Press Release by: Katie Hawk
Along with his daughter and four grandchildren, George Perdue of Texas witnessed a once-in-a-lifetime experience at Joseph H. Williams Tallgrass Prairie Preserve in Pawhuska on Easter Sunday: the first baby bison of 2016 alongside its mother just after birth!
As a member of The Nature Conservancy for 45 years, this was George’s first visit to the preserve.
“On our way out of the preserve, we saw this newborn and mother. Birth was just minutes before we got there. It was the highlight of a very nice trip,” Perdue said.
Coincidentally, the first bouncing baby bison of 2015 was also seen on Easter Sunday. In the spring of 2015, about 560 calves were born. Preserve staff expect another 600-700 this spring making now a great time to visit the preserve to view the precious bundles of joy along with the 2,100 adult bison that roam freely. Young bison are fun to watch as they can be rather playful. Visitors may see calves frolicking, chasing, battling, butting, kicking, and racing. Such activity aids muscle development and coordination important later in life.
For the public’s safety, when visiting the bison, please observe the following rules:
Rule #1: Stay in your car!
Rule #2: Stay in your car!
Rule #3: Stay in your car!
Bison are fast – they can go from 0 to oops (up to 35mph) faster than you can say it! If they’re blocking the road, be patient. Though they may be big and fuzzy, bison are wild animals and are not cuddly.
The preserve is open daily from dawn to dusk with no charge for admittance and can be accessed via county roads. There are free ranging bison herds, scenic turnouts, hiking trails, picnic tables, breezeway information and public restrooms at the Historic Bunkhouse. The gift shop / visitor center is open from March through mid-December from 10:00am to 4:00pm. It is operated by docents, and is typically open every day.
Consisting of almost 40,000 acres near Pawhuska in Osage County, the Tallgrass Prairie Preserve is the largest protected remnant of tallgrass prairie left in the world! Since 1993, The Nature Conservancy of Oklahoma has proven successful at restoring this fully-functioning portion of the tallgrass prairie ecosystem with the use of free-roaming bison. The herd started with 300 bison in 1993 and continues to thrive despite the recent drought. Learn more by visiting nature.org/tallgrass.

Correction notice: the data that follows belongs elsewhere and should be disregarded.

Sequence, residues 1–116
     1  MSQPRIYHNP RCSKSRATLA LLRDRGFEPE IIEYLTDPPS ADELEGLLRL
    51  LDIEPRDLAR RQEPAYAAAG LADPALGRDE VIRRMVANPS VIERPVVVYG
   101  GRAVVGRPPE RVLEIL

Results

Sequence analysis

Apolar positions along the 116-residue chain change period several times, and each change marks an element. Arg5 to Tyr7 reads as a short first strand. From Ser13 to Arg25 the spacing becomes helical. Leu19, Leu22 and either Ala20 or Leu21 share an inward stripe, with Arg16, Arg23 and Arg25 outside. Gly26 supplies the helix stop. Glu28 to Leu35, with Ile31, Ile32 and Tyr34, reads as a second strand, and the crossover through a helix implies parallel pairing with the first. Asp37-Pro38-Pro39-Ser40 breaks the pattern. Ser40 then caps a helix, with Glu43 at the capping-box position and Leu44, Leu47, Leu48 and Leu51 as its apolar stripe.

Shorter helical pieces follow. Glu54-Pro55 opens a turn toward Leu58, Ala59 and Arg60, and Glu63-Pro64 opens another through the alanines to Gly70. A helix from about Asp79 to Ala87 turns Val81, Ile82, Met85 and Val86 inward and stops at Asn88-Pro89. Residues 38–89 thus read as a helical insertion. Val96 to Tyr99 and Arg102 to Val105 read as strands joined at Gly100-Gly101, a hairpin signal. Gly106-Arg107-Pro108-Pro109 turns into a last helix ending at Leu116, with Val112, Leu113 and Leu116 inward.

Directions to the preserve: From downtown Pawhuska, drive north on Kihekah at the intersection of Highway 60 (at the corner of the triangle-shaped building), follow signs to the preserve headquarters (approximately 18 miles).
Though “buffalo” is commonly used, “bison” is the correct term for the mammals on the Tallgrass Prairie Preserve. According to scientists, true buffalo are confined to Africa and Southeast Asia.
Before the settlements of modern civilization, around 30 million bison roamed across North America. By 1890, fewer than 600 plains bison were left alive.
Bison are the largest native animals on the North American continent.
Full-grown bison bulls stand about 6.5 feet at the shoulder and can weigh up to 2,000 pounds.
Adult bison consume more than 30 pounds of grass (air-dry weight) in a day.
Bison can jump 6 feet vertically. Because they reportedly can jump more than 7 feet horizontally, “bisonguards” on the Preserve are 14 feet wide. (This is double the standard width of a cattleguard.)
Bison can run at speeds up to 35 miles per hour.
Bison are powerful swimmers, navigating with all but hump, muzzle, and top of the head submerged.
Both sexes have horns; the cow’s are smaller. A bull bison can be identified from a cow by wider, thicker horns; a wider skull; and a generally more massive structure.
The gestation period for bison is 9.5 months.
Bison calves are generally born in the spring and weigh 30-40 pounds.
The bison was named the state mammal of Oklahoma by the legislature in 1972.